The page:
Wednesday, June 20, 2018

The Ashpit


Above is a well known 1918 postcard of the Delmar Railroad Yard. Locomotives, when they came into Delmar, were pulled off the main line for a quick service.  In about two hours fires were shaken down and ashpans cleaned out, and fresh fires started.  Then there was oiling, cleaning the engines, polishing the bell on the engine, tightening up, filling the big domes behind the smoke stack with sand (sanding- the big dome is on top of the engine to keep the sand dry) and inspection then the tender is filled with about 18 tons of coal for a run in either direction.   In the center of the postcard is the ashpit.

Closeup of ash pit in postcard

Above is the ashpit in Delmar, just a hole in ground with tracks over top of it.  As coal is shoveled into the fire box

The coal lies on top of a grate and burns.  The ash falls though the grate to an ash pan.  The ashpan could hold about 2,000 pounds of ash.   Sometime the coal being used had a large amount of impurities in it, such as metal ore and that would melt and form with other melted impurities creating large clinkers.  Those clinkers would have to pulled off the grate when the ashpan was dumped into the ashpit.  So the locomotive would pull over top of the ashpit and ashpan would be dropped so the ash went to the ashpit.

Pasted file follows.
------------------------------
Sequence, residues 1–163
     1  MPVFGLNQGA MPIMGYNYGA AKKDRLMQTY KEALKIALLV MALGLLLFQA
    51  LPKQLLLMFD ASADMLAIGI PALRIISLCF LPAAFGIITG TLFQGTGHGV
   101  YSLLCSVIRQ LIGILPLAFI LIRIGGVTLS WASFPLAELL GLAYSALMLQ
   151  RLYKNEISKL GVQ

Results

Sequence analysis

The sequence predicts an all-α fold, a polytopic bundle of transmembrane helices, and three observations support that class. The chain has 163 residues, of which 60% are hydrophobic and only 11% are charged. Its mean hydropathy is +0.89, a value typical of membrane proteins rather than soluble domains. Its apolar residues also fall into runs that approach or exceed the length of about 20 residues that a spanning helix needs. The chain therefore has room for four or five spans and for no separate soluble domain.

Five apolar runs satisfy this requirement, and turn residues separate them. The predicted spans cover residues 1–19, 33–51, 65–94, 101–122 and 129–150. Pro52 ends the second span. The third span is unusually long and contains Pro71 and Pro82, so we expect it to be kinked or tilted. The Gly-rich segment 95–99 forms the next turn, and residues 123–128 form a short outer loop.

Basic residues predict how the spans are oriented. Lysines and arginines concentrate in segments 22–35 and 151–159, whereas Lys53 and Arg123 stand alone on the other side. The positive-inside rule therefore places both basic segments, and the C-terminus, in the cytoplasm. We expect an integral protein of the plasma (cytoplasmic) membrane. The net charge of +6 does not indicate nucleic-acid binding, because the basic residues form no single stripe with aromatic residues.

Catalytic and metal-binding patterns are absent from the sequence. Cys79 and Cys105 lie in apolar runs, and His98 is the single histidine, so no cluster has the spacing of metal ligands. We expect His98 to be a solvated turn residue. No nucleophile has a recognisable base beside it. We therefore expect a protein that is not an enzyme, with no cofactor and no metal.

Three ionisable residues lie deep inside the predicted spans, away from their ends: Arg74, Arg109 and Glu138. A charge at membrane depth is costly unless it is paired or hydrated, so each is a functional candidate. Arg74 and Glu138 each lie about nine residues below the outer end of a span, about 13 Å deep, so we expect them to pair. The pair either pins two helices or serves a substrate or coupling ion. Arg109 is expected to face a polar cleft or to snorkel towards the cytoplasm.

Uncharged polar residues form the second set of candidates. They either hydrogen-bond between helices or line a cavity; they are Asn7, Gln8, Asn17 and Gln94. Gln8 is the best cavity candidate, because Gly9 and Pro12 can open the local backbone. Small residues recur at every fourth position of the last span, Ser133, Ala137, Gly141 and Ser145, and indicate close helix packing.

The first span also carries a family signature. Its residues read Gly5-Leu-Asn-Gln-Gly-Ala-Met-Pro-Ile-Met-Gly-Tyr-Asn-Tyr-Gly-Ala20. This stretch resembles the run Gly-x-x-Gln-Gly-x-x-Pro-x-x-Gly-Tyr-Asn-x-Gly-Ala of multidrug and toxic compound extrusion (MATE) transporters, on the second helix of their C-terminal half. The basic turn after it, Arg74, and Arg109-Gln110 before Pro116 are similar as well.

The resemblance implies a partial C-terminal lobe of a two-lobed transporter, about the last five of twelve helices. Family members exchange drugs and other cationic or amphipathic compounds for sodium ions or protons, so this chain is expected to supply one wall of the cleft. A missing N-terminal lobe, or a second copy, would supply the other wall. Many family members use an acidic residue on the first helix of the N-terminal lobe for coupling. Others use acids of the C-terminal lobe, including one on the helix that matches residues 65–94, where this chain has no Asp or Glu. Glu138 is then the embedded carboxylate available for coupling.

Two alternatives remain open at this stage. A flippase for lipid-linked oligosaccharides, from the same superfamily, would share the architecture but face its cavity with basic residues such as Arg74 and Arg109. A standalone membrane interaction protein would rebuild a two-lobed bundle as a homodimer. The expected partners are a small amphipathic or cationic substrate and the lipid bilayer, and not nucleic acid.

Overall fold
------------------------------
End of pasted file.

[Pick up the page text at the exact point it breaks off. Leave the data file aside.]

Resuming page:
The locomotive would then powerwash off for the remaing ash that didn’t fall into the pit. The above photo is not Delmar

The ashpit would have to cleaned out by railroad laborers and the ash used as ballast under new rail track or sold off as construction material. Again photo below is not Delmar

Since the ashpit was an open hole there was a certain danger working around it.  The workers would usually be paying attention to the train they were working on and not where they were walking.  On occasion they would fall into the pit.  Since the ash was usually still hot from the engine there was danger of having severe burns. Oddly enough there was also the danger of drowning since the pit would fill with water in heavy rains.

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